He was watching his animal channel on television when his dead wife plopped down on the couch beside him. He felt her weight on the cushions and when he looked over he saw the maroon scarf tied around her hair, saw her legs crossed at the knee, but when he reached out, his hand displaced her like wisps of smoke. She said, “Not yet, I guess.”
“Not yet,” he said.
They watched the animal channel in silence. They learned that an octopus has three hearts and if it’s starving it will eat one of them. They learned that deer only sleep five minutes a day, that a donkey will sink in quicksand, but a mule won’t.
She took his hand. “Look at those fingers,” she said, as she’d been saying for years. “What I wouldn’t give.”
“They’re yours,” he said, because they were.
She studied his palms, which always pleased him, as if he’d crafted them himself. Her fingerprint pressed to his. She made a tent with their fingers, a steeple. It was as if she were reading Braille; she could do it for hours and still be captivated. Because this wasn’t real and because she never came home after they’d quarreled that night, and because she went swimming in a storm and now wouldn’t come home at all, Cotton knew that she was thinking about their son, about his prodigious fingers rippling over the necks of violins like silk-spinning spiders. And like that, she giggled and said, “If Kyle had these fingers, you and I would get Christmas cards from every concertmaster in the world.”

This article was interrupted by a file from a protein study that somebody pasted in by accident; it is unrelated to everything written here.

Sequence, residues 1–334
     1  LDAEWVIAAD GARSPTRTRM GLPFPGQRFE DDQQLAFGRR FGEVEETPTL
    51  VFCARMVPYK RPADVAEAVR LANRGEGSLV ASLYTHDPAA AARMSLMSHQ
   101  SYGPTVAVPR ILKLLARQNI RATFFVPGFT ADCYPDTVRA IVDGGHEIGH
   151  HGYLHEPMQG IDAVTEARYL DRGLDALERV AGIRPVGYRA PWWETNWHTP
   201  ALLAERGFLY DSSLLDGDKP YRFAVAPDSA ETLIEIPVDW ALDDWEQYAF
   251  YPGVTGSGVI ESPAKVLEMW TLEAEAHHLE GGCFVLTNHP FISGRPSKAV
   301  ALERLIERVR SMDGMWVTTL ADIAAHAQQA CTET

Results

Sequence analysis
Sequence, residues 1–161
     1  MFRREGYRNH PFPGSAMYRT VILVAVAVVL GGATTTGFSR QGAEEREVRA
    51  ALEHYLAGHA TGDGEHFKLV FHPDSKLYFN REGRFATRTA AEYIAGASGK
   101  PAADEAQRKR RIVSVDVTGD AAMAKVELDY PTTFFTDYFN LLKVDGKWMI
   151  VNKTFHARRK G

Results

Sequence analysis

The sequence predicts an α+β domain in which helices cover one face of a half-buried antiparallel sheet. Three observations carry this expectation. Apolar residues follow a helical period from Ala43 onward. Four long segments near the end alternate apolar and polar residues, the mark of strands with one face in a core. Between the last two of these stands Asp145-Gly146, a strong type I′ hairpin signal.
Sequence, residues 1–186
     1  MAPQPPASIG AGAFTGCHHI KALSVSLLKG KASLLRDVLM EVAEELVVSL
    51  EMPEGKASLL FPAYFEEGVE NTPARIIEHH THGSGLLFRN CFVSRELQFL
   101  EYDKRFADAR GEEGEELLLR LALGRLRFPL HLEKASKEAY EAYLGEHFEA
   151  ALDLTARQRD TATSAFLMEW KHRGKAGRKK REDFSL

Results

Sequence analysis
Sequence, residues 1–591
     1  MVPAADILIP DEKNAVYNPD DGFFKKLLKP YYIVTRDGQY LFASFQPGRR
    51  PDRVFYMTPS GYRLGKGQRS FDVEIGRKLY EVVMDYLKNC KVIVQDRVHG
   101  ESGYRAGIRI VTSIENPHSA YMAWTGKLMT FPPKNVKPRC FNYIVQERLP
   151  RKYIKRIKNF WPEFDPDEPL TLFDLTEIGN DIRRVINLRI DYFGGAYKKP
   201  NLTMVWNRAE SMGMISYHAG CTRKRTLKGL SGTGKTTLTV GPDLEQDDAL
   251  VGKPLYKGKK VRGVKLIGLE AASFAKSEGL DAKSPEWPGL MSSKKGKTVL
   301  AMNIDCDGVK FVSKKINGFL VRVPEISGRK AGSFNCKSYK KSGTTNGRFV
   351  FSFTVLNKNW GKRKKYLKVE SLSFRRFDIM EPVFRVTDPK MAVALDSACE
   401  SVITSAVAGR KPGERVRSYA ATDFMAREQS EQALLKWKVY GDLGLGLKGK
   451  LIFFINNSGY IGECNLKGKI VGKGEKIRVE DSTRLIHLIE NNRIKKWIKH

“You still giggle?” he asked.
“I giggle all the time,” she said. Then, “Cotton, you need to turn off the stove.”
He said, “Crocodiles will swallow stones to swim into deeper waters.”
“You sweet man,” she said. “Don’t you think I know that?” Her tone was even, but he feared he’d upset her. When he looked over, though, she was smiling. Then he was, too.
He said, “I guess you would. I guess you would know that.”
“And whales sing songs that rhyme. And flies hum in the key of F, the middle-octave. And the horse latitudes are all around us. And a lost dog is about to pay you a visit.”
“I don’t follow,” he said. “I don’t know what you’re saying to me right now.”
“Oh, honey,” she said, “I’m just saying that your animal heart isn’t alone anymore.”